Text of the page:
Preserving the voices of Alberta women
November 07 2011
Almost 30 years later, Jean Crozier still remembers the irksome comment made by an acquaintance, a comment that also happens to illustrate why the Alberta Women's Memory Project is so important.
One night in 1983, Crozier was with friends and gearing up to view The Dinner Party, the famous installation by artist Judy Chicago that featured, on ceramic tiles, the names of 999 women who had done important things.
Someone in her group, a young male librarian, said, "How would you ever find 999 women who had done anything important?"
Crozier, a library consultant herself, says she was peeved to hear such a comment coming from a fellow librarian, a person with supposedly solid research skills who really should have known better. But, aside from implying that few women have accomplished anything notable (not the case, of course), the comment did touch on a legitimate issue that Crozier and others are addressing with the Alberta Women's Memory Project.
"The history of women, and their influence on history in general, is not as well documented as is that of men," she says.
As a member of the committee responsible for the Alberta Women's Memory Project, Crozier is helping to make sure that historical records relating to Alberta women are digitally documented. Once these records are loaded onto the project website, researchers, students and the general public can access them from anywhere in the world and learn about Alberta women's influence on history. And on November 15, the project is holding its inaugural fundraiser, A Celebration of Women's Voices from the Past to the Future. (See below for event highlights and ticket information.)
"Unless we record the past, people just won't know what went on," says Crozier. "The women of my generation went through a hell of a lot."
For example, in the 1960s in Alberta, the sale of condoms and other birth control devices was technically illegal. "If you wanted to buy a condom, you had to go up to the pharmacist, and ask quietly," says Crozier. "Many women who became pregnant were forced to ‘go to away their aunts' -- a euphemism for being sent to a home for unwed mothers. Several hundred women died each year of botched illegal abortions."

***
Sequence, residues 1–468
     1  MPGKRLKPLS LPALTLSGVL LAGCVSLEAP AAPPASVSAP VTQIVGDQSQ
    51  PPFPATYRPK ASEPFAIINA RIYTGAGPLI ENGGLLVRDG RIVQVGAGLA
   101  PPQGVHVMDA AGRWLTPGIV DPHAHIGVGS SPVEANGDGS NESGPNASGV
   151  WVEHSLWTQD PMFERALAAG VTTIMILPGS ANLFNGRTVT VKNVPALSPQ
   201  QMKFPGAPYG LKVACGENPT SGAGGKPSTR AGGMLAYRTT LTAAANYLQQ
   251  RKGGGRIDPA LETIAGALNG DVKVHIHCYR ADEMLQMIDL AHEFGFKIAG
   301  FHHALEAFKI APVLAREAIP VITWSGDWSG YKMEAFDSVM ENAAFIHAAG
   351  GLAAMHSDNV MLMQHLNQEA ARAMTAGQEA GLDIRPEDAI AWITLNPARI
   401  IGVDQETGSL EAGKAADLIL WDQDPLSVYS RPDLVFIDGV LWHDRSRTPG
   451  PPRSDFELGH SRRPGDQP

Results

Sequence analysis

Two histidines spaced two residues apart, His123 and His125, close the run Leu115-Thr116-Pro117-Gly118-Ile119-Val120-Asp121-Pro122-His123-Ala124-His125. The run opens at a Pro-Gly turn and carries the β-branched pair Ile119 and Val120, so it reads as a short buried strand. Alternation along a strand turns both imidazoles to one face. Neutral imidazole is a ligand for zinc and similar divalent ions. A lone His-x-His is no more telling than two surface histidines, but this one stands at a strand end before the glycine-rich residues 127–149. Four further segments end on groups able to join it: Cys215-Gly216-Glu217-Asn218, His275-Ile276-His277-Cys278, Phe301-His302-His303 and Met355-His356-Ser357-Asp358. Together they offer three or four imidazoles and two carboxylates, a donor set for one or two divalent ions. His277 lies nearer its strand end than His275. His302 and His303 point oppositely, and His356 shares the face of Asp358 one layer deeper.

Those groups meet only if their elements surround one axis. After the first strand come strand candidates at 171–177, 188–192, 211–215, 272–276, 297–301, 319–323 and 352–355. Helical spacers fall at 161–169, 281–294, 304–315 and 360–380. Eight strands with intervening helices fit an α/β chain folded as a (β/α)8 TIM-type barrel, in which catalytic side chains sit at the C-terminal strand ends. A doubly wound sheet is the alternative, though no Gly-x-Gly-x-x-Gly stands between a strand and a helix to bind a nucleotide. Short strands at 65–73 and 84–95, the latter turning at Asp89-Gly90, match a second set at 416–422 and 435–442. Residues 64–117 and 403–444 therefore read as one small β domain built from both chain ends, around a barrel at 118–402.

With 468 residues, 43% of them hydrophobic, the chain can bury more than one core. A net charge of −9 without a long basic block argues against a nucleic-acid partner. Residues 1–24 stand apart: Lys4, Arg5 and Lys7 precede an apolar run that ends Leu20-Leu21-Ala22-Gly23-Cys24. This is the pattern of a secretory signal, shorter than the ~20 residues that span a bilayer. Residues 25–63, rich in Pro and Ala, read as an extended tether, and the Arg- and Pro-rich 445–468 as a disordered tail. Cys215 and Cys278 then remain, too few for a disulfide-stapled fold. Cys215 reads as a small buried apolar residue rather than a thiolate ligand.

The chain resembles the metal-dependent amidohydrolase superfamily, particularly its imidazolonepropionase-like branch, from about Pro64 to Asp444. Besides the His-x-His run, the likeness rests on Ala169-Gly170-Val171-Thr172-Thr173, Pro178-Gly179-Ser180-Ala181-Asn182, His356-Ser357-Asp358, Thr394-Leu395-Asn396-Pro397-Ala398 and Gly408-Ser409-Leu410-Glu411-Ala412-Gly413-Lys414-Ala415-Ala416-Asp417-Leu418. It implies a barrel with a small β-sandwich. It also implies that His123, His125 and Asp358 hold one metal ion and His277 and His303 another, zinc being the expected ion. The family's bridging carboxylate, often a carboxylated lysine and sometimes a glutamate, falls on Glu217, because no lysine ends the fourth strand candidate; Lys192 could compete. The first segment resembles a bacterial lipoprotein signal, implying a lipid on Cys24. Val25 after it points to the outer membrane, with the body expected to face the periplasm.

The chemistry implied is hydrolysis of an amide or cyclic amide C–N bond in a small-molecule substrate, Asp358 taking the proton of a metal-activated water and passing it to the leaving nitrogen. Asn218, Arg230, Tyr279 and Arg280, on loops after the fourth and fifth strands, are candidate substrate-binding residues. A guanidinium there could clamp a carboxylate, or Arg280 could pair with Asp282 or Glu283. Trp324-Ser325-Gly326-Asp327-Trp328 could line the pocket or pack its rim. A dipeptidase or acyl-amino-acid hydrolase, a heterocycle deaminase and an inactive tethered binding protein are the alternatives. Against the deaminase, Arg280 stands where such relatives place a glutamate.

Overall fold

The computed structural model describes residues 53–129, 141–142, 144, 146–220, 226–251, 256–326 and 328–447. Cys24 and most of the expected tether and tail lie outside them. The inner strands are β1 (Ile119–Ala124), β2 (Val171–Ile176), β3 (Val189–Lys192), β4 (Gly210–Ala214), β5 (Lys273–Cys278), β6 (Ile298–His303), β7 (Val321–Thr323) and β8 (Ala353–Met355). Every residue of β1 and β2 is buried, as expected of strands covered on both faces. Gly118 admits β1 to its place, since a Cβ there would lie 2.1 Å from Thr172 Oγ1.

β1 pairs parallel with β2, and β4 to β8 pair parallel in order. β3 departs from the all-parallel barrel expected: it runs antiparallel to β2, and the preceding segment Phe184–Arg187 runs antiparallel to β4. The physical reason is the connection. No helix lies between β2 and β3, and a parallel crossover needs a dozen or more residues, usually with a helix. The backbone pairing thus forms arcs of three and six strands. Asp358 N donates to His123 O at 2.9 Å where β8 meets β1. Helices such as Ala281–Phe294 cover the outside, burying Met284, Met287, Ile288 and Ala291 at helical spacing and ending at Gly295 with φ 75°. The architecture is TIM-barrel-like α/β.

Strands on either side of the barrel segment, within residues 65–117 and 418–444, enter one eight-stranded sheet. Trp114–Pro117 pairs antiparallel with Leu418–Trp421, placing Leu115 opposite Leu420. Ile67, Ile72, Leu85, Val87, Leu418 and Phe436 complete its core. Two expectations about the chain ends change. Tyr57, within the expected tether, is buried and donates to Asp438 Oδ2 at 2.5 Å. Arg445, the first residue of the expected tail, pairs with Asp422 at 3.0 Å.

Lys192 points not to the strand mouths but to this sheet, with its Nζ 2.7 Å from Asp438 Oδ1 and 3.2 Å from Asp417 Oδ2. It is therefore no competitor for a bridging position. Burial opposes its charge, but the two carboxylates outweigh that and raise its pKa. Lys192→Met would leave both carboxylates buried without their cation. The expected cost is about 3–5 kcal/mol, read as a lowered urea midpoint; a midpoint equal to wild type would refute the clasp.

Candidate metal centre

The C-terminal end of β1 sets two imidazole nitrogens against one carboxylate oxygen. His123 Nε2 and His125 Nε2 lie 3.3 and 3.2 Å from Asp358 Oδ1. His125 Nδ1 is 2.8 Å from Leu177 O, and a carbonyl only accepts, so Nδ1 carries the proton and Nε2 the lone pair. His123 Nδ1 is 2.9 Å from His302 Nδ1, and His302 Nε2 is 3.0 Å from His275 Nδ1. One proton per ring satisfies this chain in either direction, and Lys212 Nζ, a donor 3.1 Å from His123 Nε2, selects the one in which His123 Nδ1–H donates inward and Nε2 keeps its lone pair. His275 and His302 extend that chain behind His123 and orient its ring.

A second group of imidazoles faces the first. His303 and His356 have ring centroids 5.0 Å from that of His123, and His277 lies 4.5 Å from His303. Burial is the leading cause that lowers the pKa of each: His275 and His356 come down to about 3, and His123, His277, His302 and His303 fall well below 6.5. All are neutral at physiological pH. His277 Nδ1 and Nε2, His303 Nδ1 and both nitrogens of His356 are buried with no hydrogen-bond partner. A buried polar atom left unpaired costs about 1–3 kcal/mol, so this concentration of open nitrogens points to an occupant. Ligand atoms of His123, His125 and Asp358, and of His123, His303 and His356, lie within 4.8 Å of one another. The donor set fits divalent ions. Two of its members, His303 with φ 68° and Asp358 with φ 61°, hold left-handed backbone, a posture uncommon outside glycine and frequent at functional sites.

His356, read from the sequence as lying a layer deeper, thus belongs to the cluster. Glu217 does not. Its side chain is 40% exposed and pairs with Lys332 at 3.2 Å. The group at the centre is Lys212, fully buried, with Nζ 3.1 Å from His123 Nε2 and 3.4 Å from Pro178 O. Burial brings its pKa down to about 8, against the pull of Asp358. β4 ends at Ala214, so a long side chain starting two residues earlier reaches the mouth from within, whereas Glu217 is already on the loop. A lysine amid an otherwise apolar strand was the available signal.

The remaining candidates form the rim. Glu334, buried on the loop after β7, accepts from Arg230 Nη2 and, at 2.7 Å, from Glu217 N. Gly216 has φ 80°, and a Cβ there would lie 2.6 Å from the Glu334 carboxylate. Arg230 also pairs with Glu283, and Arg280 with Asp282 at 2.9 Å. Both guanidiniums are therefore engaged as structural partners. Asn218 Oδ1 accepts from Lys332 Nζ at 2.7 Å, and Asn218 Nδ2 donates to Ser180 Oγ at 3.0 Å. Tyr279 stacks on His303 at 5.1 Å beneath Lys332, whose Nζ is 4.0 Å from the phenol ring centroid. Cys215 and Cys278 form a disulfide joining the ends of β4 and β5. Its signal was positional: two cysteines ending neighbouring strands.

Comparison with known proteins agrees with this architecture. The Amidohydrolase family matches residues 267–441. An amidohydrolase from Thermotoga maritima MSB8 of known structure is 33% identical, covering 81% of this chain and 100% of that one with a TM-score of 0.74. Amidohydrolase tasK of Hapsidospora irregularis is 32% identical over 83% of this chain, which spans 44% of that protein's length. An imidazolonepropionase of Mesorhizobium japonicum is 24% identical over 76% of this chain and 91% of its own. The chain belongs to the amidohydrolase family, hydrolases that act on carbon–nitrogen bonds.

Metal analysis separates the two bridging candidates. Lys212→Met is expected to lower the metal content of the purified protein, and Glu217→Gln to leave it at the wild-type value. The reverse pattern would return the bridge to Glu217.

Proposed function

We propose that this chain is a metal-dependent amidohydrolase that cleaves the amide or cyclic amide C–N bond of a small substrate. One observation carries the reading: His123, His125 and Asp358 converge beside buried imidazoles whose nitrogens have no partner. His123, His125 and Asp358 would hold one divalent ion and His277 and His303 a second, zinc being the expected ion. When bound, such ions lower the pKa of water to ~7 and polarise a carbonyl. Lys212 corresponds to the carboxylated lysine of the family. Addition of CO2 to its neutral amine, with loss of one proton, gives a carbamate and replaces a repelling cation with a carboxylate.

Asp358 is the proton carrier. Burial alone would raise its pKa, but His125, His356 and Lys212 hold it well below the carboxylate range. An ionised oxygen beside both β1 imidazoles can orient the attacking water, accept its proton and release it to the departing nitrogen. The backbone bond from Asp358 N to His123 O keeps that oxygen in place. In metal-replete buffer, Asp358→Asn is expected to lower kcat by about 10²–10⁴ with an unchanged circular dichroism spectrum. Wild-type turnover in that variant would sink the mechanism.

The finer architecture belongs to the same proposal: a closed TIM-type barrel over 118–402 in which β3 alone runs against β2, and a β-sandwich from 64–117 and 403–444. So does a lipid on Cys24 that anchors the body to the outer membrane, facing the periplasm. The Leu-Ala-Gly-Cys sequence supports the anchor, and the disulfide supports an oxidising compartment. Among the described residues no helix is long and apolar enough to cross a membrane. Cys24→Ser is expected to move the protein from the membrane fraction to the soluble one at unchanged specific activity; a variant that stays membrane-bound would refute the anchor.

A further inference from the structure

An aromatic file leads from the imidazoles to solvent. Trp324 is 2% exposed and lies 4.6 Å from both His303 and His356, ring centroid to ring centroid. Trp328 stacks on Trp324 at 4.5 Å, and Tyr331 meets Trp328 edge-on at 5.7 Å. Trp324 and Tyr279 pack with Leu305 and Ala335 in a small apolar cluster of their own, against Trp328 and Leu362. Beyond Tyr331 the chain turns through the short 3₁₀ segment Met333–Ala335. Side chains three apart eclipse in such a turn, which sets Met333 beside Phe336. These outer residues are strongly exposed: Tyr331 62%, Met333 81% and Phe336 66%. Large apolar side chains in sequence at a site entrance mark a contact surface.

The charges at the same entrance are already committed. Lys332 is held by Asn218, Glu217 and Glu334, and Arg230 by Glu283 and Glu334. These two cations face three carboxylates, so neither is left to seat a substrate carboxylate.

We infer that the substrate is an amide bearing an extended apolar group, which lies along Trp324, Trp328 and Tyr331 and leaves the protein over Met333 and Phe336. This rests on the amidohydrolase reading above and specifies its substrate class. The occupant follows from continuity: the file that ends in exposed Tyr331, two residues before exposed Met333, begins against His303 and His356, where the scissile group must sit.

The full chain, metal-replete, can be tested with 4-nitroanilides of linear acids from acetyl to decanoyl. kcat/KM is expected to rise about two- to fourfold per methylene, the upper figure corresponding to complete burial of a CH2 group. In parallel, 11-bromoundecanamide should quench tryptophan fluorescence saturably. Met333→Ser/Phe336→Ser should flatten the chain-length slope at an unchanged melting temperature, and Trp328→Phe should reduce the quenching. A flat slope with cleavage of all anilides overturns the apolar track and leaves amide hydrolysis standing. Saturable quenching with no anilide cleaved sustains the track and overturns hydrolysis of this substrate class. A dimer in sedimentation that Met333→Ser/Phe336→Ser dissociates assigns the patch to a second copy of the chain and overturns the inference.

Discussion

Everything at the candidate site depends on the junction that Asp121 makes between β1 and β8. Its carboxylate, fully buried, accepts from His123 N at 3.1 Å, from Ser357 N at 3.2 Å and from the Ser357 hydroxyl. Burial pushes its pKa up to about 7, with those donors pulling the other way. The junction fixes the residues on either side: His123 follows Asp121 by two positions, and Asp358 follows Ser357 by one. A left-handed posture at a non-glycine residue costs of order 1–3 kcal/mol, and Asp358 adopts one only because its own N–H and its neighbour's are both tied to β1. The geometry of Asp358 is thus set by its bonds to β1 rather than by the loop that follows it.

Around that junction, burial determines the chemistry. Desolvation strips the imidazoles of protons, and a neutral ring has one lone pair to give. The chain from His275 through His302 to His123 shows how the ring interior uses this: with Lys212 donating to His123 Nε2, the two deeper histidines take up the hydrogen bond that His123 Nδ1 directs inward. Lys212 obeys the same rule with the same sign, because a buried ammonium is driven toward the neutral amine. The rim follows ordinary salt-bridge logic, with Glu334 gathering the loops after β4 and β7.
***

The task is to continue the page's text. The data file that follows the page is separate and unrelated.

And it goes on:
And in the 1980s, female businesswomen still received a rather cold shoulder from their male peers, Crozier says. As an entrepreneur who started an eventually successful information management company, Crozier vividly remembers her struggle to take her place in male-dominated business associations and to connect with other female entrepreneurs, as at that time, organizations like Alberta Women Entrepreneurs simply didn't exist.
Although documenting the past is vital to the Alberta Women's Memory Project, Crozier says that documenting the present is just as vital. "Lots of time people think we're looking for materials relating to things that happened 100 years ago, but history is not just what happened a long time ago -- history is what's going in your mind, in your heart, in your workplace, in your school, whatever's going on today. It's important to preserve what's happening currently.
"I believe each one of us can benefit and need to benefit from the knowledge of both the people who were living and the people who are living."
The Alberta Women's Memory Project collects and digitizes items such as women's memoirs, photos, letters, material collections and videos. "Donors provide us with materials, which we digitize," Crozier explains. "The physical materials, if the donor wishes, will be donated to an archive of the donor's choice so they can be preserved forever.
"The project is ready to be unveiled to the public, and the committee is ready to show off its work and initiate a fundraising process to ensure the project has a firm financial footing. Athabasca University has provided exceptional administrative and technical support, and our fundraising event is also receiving fabulous support from the University of Alberta, several of its faculties, and private donors."
A Celebration of Women's Voices from the Past to the Future: A fundraiser for the Alberta Women's Memory Project
When: 4:30 - 7:30 p.m., Tuesday, November 15
Where: TELUS Centre, University of Alberta, 87 Avenue & 111 Street, Edmonton
Special guest speakers Paula Simons, Edmonton Journal columnist, and Dr. Kelly Dabbs, renowned breast cancer surgeon
Exhibits and live music
Opportunities to speak with women whose memoirs and material collections are on the Alberta Women's Memory Project website
Tickets: Tickets are $30. To avoid the lineup at the event, please buy your tickets online.
The Alberta Women's Memory Project
This website is the digital home for the historical materials that the project collects and digitizes.
Tickets for A Celebration of Women's Voices from the Past to the Future
To avoid the ticket lineup at the event, please visit this webpage to purchase your tickets online.
Women's & Gender Studies at Athabasca University
This website provides an overview of women's and gender studies courses and programs at Athabasca University.
By Erin Ottosen